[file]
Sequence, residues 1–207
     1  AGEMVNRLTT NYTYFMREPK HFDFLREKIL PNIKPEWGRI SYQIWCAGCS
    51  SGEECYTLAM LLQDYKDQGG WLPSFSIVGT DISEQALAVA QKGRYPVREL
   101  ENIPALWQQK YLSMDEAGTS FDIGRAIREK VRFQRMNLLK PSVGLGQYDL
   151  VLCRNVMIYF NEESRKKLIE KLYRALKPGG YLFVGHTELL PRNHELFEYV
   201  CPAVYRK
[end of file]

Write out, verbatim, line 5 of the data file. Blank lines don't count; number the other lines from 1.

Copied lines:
   151  VLCRNVMIYF NEESRKKLIE KLYRALKPGG YLFVGHTELL PRNHELFEYV